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The War Between Israel and Gaza: Live Updates – The New York Times

The War Between Israel and Gaza: Live Updates – The New York Times

Important news

For months, Israeli Prime Minister Benjamin Netanyahu has refused to provide a timetable for ending the war against Hamas in Gaza, a reticence that critics see as a political tactic. But it was put in an awkward position this weekend by President Biden’s announcement outlining a truce proposal.

Mr. Netanyahu, a conservative, has long reconciled competing personal, political and national interests. It now appears that he faces a stark choice between the survival of his hardline and hawkish government and the return of the hostages held in Gaza to their homeland, while setting himself and Israel on a new path away from growing international isolation.

The prime minister’s critics have portrayed him as indecisive and say there are two Netanyahus: one working pragmatically in the small war cabinet he has formed with some centrist rivals, bolstering its public legitimacy; Another has himself become a virtual hostage of the far-right members of his ruling coalition, who oppose any concession to Hamas and who guarantee his political survival.

On Friday, Biden set out the general conditions that he said Israel had presented to the American, Qatari and Egyptian mediators who were pressing to reach an agreement to stop the fighting and release hostages held in Gaza. Israeli officials confirmed that the terms match the ceasefire proposal that was given the green light by the Israeli war government but has not yet been presented to the Israeli public.

Now, analysts say, this is a difficult time for Netanyahu, or Bibi, as he is popularly known.

Mr. Biden “brought Netanyahu out of the closet of obscurity and presented Netanyahu’s proposal himself,” Ben Caspit, Mr. Netanyahu’s biographer and longtime critic, wrote in the Hebrew daily Maariv on Sunday. Then he asked a simple question: Does Bibi support Netanyahu’s proposal? yes or no. No nonsense and hot air.

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The leaders of two far-right parties in the coalition — Bezalel Smotrich, Israel’s finance minister, and Itamar Ben Gvir, the national security minister — have explicitly threatened to bring down Mr. Netanyahu’s government if the prime minister agrees to the deal. Which Mr. Biden set before Hamas was completely destroyed. Some hardline members of Netanyahu’s Likud party said they would join them.

Meanwhile, Benny Gantz and Gadi Eisenkot, two former military commanders who joined the emergency government throughout the war, have threatened to withdraw support for the centrist National Unity Party by June 8 if Netanyahu fails to attend. With a clear path forward. And the opposition parties have The organization began To try to overthrow the government.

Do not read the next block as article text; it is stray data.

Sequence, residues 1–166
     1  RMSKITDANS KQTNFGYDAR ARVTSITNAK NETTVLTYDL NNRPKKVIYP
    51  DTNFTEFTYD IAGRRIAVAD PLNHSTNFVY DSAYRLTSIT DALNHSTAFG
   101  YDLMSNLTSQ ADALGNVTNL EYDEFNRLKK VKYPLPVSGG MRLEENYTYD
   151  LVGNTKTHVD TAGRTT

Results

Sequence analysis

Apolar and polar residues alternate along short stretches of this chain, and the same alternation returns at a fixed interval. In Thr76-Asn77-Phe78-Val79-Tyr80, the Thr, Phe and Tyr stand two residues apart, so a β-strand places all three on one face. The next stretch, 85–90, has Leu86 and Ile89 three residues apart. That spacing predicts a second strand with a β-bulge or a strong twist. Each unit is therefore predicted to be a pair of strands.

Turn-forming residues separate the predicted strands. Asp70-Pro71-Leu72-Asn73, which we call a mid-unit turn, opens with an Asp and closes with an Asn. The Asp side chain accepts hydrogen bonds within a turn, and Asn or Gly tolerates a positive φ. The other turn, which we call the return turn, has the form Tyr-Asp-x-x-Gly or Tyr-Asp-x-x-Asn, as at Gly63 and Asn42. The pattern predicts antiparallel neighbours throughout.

The ceasefire proposal includes three stages. They will witness the release of groups of hostages in exchange for hundreds of Palestinian prisoners in Israeli prisons. The temporary ceasefire would turn into a permanent cessation of hostilities, with the third phase including internationally supported efforts to rehabilitate Gaza.

More than 100 hostages were released under a limited agreement last November. An estimated 125 hostages, alive or dead, remain held by Hamas and other armed groups in Gaza.

Ofir Falk, Netanyahu’s chief foreign policy adviser, said in an interview with the British newspaper The Sunday Times that Biden’s proposal was “a deal we agreed on.” Mr. Falk added that many details remained to be worked out, saying: “It’s not a good deal but we desperately want the hostages released, all of them.”

Israelis were left to parse the two statements that followed Mr. Biden’s speech and which Mr. Netanyahu’s office issued, unusually, during the day on Saturday. The statements did not strongly support the proposal and did not deny submitting it to the mediators. Instead, these decisions were conditional and open to interpretation, and appeared designed to leave Mr. Netanyahu’s options open.

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The first statement said that Mr. Netanyahu authorized the Israeli negotiating team to submit a proposal that would lead to the release of the hostages and also “enable Israel to continue the war until it achieves all of its objectives, including the destruction of Hamas’ military and governance capabilities.” “.

The second reiterated those conditions for ending the war and added: “The idea of ​​Israel agreeing to a permanent ceasefire before these conditions are met is unacceptable.”

Noticeably absent, however, was Mr. Netanyahu’s oft-stated goal of “total victory” over Hamas in Gaza — a slogan that Mr. Biden on Friday dismissed as a vague goal that could mean indefinite war.